Let’s go back to my personal experience with being the wrong person. What hurt the most was when my boss’s boss admitted in my exit interview a feeling two years before that I was the wrong person for the role. I would have much preferred a courageous but tough decision to the frustration of two ill-fitting years.
Firing is not the worst thing that can happen to a person. In Servant Empowered Leadership, Don Page quotes a statement from the Tribunal of the Diocese of Evansville, Indiana that leaders “care too much about people to let them perform at less than their level best.” I’ve blogged before about how managers should love and care for their staff, and it goes way beyond assuring employment. Have you considered that keeping a person in a job might be the least-caring thing you can do? That’s a hard thing to suggest in this economy.
What should set an organization like ours apart from many businesses is not that we don’t let people go; it’s how we let people go. First, we look them in the eye. As Steven Sample says “a man has to shoot his own horse.” He pointed out that president Nixon used to get someone else to tell a staff member he’d been fired. I remember the day I had to let a volunteer go. It was not a good situation, and I could easily have found business to do while security was escorting him to the exit. I chose to be there to show concern for him. Saying it wasn’t easy is an understatement. There was no way to avoid him at church! We had at least one followup conversation as he struggled to understand the reasons for my decision.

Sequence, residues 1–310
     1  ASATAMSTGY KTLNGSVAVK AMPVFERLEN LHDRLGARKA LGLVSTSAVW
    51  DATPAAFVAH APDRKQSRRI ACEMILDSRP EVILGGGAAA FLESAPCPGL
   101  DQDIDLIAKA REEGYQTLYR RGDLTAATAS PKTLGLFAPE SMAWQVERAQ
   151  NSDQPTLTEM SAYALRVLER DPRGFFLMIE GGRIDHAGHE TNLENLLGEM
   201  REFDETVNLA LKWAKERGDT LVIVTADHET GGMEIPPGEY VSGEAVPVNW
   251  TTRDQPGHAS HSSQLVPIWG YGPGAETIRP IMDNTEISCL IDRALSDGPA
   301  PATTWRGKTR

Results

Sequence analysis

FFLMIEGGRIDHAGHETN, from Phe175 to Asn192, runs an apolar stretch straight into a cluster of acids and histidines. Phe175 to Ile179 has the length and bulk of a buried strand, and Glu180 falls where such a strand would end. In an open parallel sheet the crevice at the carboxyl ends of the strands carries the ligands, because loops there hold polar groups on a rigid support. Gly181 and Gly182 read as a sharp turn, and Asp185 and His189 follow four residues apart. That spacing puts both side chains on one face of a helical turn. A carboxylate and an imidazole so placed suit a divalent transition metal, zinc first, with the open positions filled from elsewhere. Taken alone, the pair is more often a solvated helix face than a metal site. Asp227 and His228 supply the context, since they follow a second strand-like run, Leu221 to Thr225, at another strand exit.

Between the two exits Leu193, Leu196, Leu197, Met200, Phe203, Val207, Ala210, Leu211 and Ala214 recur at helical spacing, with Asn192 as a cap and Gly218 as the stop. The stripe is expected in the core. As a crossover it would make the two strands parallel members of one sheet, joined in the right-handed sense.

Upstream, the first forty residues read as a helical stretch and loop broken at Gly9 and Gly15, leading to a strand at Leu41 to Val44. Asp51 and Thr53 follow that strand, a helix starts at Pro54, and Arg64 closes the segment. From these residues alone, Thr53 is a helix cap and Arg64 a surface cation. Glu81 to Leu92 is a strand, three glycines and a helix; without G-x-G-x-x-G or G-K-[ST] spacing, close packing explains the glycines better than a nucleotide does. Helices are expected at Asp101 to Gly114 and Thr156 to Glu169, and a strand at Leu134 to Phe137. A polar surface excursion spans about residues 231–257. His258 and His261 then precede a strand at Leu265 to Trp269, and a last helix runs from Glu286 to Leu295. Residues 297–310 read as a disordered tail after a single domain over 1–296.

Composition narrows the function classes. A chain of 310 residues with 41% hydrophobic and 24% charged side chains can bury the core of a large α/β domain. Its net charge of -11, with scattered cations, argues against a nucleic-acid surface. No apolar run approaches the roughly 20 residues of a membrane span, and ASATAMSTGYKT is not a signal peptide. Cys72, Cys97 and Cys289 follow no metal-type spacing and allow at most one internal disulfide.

If caring for our staff means getting to know their families and situation outside of the office, we should show the same concern for their families and their unique situation as we transition them out of a job. We should show individualization with our approach to each one. We should go above and beyond in providing for their needs. I know there are laws that govern these things, but too often Christians use the laws as an excuse to do the minimum rather than the maximum. I think if a firing is done right, that staff person could one day become our biggest advocate. Seems crazy, but I’ve seen it happen in time.
Finally, remember that letting an underperforming or distracting team member go is a win for the others on your team. Not only do they see that you mean what you say about performance, but they know that your time has now been freed up to better support them. The wrong person takes huge amounts of management time and resources.
As Christian leaders, let’s set the bar high for our staff, and let’s set the bar high for our own performance as managers. Let’s show courage and concern to those who are performing and to those who are not.